Turkeymania

Every Christmas my father goes in search of the ultimate turkey.

Not one doing the backstroke in gravy, being strong-armed by an army of chipolatas but a stand-alone bird of such uproarious quality that ‘Zadok the Priest’ starts up with the chewing.

It has been an escalation leading to ever more obsessive behaviour every yuletide. When Waitrose magazine runs a Turkey Addicts questionnaire he will say ‘yes’ to more than half the questions, including, ‘Do you often wake up in an unfamiliar place having been searching for the perfect bird?’

In 2008 he gained an £80 speeding fine hastening one back to optimum refrigeration temperatures- no mean feat when carving up a trail of 90 year old Sunday drivers on the Sussex Coast (pun intended).

This year he sourced a turkey that cost more than 100 good English pounds. She was called Caroline and came with a birth certificate and a brochure of her Christmas Lunch accompaniment preferences (‘Don’t serve me with cabbage; it’s malodorous.’)

My father received regular updates about her progress until she was slaughtered. It was like adopting a Siberian tiger, only in reverse.

As with all addictive behaviours it takes it tolls on the loved ones.  The tense atmosphere as the hot meaty smell starts to creep from the oven. The sneaky peak under the tin foil for signs of dry spells.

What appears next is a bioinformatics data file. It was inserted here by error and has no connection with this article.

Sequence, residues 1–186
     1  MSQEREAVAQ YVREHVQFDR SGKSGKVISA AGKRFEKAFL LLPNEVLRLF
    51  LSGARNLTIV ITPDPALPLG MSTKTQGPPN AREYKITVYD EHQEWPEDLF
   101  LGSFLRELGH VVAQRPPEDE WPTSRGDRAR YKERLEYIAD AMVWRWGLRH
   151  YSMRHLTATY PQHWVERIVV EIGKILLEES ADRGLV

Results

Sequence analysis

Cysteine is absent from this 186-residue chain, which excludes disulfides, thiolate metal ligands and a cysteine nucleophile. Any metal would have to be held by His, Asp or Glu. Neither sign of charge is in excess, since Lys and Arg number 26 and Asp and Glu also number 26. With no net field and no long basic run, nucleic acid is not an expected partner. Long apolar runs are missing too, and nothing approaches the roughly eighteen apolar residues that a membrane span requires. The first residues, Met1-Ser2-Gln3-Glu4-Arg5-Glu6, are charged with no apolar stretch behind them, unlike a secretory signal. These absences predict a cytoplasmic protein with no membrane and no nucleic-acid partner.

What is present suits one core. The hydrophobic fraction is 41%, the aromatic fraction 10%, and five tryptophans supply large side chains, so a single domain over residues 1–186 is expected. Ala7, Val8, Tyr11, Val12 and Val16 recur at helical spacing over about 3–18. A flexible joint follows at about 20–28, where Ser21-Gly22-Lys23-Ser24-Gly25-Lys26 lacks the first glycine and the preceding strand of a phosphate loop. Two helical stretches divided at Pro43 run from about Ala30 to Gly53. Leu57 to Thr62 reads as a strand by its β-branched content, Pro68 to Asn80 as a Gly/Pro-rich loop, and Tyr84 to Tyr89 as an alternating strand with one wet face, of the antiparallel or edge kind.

The fear of Overcooked Meat Disappointment.

Caroline fared well this year. She clung onto the moisture in her loins like a mature women determined to enjoy an active sex life, overcoming the unpromising handicaps of her considerable bulk and the length of time she spent waiting in the wings pending trimming negotiations between chef and family members.

Perversely, this did not work in favour of the Christmas guests. Impressed and relieved by her survival instincts my father began to plan fresh adventures for her in soup and curries.

So that despite the presence in the kitchen on Boxing Day of a cold poultry the size of Milton Keynes, left-over slices were jealously guarded; it’s not often that I feel like a child during the blitz dodging the adults to try to steal protein for a wounded German soldier.

The question now is whether Caroline’s kin will be ear-marked for next year or if the crazy quest for a Better Bird will begin anew.

Wise bets are on Her Majesty’s best swan.

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